Letters to the Editor

Why must we assume the worst of President Trump?

What happened to benefit of the doubt?

In this upset over the president’s call to the Gold-Star mother, not once have I heard mentioned the civil concept of giving the benefit of the doubt. If doubt exists as to the tone and intent of the president’s words, wouldn’t we start by giving him the benefit of the doubt? If we don’t, it’s all politics!

Gary Ellison, Davidson

Nothing in Trump’s world is sacred

Regarding the fallout from Donald Trump’s condolence call to the widow of Sergeant La David Johnson, John Kelly is quoted as saying “And I thought at least that was sacred.”

Mr. Kelly, the culture and values of an organization start at the top. It appears that under Mr. Trump’s “leadership,” nothing is sacred, including respect, honor, truth, integrity and competence. Perhaps someone in a position of leadership should have the guts to address the real root of our disturbingly decreasing standard of values.

Rich LaBar, Clover

Monuments are no different than books

In response to “When making people uncomfortable is the point” (Oct. 22 Viewpoint):

Leonard Pitts Jr. states that the classic novel “To Kill a Mockingbird” is being pulled from the Biloxi, Mississippi eighth grade school curriculum because it makes some people uncomfortable. He asks, “Where did you get the idea that you should be sheltered from history?”

I would ask, isn’t this exactly the reason that the display of the Confederate monuments should continue? Mr. Pitts describes us best as “a nation where the ability to think deeply and critically on difficult subjects has been mollycoddled into near oblivion.” The removal of history does not change history, it simply makes people more comfortable, and less likely to think about, and learn from, our past.

Andrew Bennett, Charlotte

What a touching tribute to a friend

In response to “How to get lost, and found, in Namibia” (Oct. 22):

Rarely have I read a more poignant and heartfelt tribute to a beloved colleague and friend than the uplifting remembrance to Max Diaz by his friend Wade Carpenter. Nature indeed has the power to ease our pain in loss, as I believe it is next door to God. To me, it is my religion.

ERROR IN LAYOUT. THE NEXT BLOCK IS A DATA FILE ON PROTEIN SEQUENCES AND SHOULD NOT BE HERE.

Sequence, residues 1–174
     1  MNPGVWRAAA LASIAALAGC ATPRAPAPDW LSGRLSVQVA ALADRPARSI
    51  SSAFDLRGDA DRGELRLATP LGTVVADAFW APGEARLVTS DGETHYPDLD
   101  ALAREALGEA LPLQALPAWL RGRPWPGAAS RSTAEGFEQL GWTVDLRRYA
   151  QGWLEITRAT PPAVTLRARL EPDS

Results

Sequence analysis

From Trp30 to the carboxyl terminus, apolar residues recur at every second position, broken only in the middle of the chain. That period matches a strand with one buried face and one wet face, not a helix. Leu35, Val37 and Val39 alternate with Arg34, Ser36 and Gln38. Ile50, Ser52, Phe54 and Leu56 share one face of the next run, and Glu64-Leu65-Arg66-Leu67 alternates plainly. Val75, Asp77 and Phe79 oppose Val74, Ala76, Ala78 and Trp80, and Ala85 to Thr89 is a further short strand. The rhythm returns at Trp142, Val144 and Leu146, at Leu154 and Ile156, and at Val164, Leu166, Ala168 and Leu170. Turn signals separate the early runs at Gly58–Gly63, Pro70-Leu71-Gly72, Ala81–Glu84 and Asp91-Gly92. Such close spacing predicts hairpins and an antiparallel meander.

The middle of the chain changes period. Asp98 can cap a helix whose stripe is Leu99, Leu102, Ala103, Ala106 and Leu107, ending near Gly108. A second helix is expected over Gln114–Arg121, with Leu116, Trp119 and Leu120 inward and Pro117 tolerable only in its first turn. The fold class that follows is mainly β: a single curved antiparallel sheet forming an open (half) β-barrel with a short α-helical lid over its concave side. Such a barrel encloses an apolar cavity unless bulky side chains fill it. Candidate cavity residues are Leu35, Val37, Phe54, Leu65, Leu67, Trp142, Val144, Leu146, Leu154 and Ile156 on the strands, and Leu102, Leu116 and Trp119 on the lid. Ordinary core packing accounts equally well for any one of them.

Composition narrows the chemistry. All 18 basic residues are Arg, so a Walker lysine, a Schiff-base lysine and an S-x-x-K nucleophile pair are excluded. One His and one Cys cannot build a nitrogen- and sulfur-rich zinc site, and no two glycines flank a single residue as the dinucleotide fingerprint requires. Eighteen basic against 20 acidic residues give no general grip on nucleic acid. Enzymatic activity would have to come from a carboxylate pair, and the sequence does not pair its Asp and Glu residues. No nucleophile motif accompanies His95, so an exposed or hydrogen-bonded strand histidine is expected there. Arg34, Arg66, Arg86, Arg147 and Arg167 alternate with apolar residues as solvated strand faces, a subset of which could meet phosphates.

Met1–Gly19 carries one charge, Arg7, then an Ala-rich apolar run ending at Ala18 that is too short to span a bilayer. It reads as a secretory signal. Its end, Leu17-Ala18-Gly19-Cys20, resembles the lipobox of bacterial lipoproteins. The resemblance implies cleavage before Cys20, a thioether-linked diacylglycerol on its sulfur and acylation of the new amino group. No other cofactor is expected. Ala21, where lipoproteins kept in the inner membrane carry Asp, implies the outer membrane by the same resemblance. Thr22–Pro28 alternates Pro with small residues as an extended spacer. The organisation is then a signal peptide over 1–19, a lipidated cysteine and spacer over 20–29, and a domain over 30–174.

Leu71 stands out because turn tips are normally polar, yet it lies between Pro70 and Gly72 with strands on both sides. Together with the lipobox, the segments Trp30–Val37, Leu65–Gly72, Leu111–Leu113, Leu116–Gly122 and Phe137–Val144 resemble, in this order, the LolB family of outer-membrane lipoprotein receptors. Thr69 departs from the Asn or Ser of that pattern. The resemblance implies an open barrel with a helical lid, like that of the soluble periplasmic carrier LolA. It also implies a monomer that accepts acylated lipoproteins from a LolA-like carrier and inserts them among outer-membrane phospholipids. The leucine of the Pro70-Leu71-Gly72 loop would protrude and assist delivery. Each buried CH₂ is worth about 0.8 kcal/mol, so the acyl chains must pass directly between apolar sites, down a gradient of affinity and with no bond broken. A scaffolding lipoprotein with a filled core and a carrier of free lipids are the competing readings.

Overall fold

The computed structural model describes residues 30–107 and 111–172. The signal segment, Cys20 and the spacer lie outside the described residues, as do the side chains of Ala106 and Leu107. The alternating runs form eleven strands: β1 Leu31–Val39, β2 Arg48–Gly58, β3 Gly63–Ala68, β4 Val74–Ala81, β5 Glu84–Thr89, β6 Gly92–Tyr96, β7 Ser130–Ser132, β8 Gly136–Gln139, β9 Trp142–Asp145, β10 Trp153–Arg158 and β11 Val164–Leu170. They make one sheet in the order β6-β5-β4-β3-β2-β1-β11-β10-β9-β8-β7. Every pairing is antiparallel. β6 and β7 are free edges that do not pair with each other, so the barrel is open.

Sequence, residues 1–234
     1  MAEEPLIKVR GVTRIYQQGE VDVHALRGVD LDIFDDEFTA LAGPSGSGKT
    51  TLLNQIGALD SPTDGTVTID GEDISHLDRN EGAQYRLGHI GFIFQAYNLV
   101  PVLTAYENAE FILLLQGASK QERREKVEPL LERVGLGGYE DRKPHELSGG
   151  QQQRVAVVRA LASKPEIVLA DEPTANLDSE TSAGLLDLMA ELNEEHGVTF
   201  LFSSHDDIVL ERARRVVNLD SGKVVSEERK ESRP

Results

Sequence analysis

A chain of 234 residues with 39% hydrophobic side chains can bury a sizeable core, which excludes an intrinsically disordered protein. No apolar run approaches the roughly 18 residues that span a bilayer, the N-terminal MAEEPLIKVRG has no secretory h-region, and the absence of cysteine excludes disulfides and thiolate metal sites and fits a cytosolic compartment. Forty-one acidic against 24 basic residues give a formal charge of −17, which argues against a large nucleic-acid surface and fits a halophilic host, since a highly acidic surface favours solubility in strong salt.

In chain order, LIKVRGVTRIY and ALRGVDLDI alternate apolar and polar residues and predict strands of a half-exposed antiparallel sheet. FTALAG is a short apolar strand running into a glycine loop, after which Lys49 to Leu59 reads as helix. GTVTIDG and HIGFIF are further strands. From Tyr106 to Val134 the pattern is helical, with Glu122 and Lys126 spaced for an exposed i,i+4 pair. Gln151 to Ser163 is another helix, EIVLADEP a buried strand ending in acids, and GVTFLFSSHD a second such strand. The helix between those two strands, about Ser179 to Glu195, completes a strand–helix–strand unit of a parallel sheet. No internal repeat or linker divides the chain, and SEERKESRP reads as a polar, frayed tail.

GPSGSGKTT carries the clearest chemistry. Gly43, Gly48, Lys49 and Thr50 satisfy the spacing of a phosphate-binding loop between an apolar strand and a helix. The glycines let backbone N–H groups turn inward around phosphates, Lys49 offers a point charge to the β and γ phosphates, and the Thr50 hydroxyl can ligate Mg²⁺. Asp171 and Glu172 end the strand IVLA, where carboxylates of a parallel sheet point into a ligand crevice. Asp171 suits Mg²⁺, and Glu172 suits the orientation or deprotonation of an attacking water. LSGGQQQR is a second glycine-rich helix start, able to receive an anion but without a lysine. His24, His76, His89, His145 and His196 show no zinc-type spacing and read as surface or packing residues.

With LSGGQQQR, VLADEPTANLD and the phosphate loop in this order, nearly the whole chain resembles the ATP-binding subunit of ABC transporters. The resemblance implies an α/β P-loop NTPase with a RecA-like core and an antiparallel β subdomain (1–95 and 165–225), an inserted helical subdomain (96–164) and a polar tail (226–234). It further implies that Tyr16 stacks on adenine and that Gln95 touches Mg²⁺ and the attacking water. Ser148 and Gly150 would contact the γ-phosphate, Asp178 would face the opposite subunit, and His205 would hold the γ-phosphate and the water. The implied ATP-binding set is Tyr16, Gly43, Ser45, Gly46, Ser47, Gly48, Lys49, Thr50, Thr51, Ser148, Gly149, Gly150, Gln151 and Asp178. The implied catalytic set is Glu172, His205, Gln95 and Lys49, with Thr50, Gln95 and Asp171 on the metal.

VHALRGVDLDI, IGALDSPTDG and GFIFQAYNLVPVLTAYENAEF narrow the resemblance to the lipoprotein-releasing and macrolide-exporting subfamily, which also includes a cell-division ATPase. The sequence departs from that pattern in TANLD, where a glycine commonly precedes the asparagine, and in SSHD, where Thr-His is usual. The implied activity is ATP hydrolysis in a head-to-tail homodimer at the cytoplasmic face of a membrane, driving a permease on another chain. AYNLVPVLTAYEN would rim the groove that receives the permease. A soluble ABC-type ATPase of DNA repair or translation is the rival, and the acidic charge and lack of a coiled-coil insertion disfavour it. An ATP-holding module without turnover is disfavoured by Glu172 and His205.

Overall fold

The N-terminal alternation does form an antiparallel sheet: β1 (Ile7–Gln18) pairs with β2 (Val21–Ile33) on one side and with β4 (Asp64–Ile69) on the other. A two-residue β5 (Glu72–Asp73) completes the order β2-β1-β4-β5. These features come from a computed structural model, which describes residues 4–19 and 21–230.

Gerringer D. Clapp,


Don’t cut federal employee benefits

As a member of the federal community who served our country for 30 years, I am deeply concerned that my hard-earned benefits will be cut to offset proposed tax policy changes. I ask my representative Ted Budd and Sens. Thom Tillis and Richard Burr to oppose such cuts to the federal community. I based my career and retirement planning on long-standing, promised benefit calculations. Any cut to what I earned breaks that promise and denigrates the value of public service.

Congress is currently debating reforms to our tax code. Paying for touted middle-class tax relief on the backs of middle-class federal employees and retirees is wrong. My retirement and health benefits were earned through years of hard work – they are not gifts to rescind.

David Phillips, Salisbury

Don’t abandon your critical thinking

I’m concerned some use the military aura to squash factual discourse and critical thinking. Press Secretary Sarah Huckabee Sanders did that when she invoked Chief of Staff John Kelly’s 4-Star brand to advance shameful White House politics. Kelly, himself a Gold Star father, sullied his reputation by joining Trump’s falsehood fray and inaccurately attacking Rep. Frederica Wilson as an “empty barrel” at an FBI Building dedication, which video disproves. “The empty vessel makes the greatest sound,” wrote Shakespeare. And that describes the Trump administration perfectly.

Chip Potts, Mooresville

We needed this feel-good story

In response to “‘It was like we had never been apart’” (Oct. 20):

How uplifting to read the wonderful love story of Omega Brown and William Bell on the front page of The Charlotte Observer! With our city, state, country, and world in much turmoil, it is refreshing to know that love still conquers all. May the true love of William and Omega help us all remember that hope springs eternal.

Sheila Snipes Smith,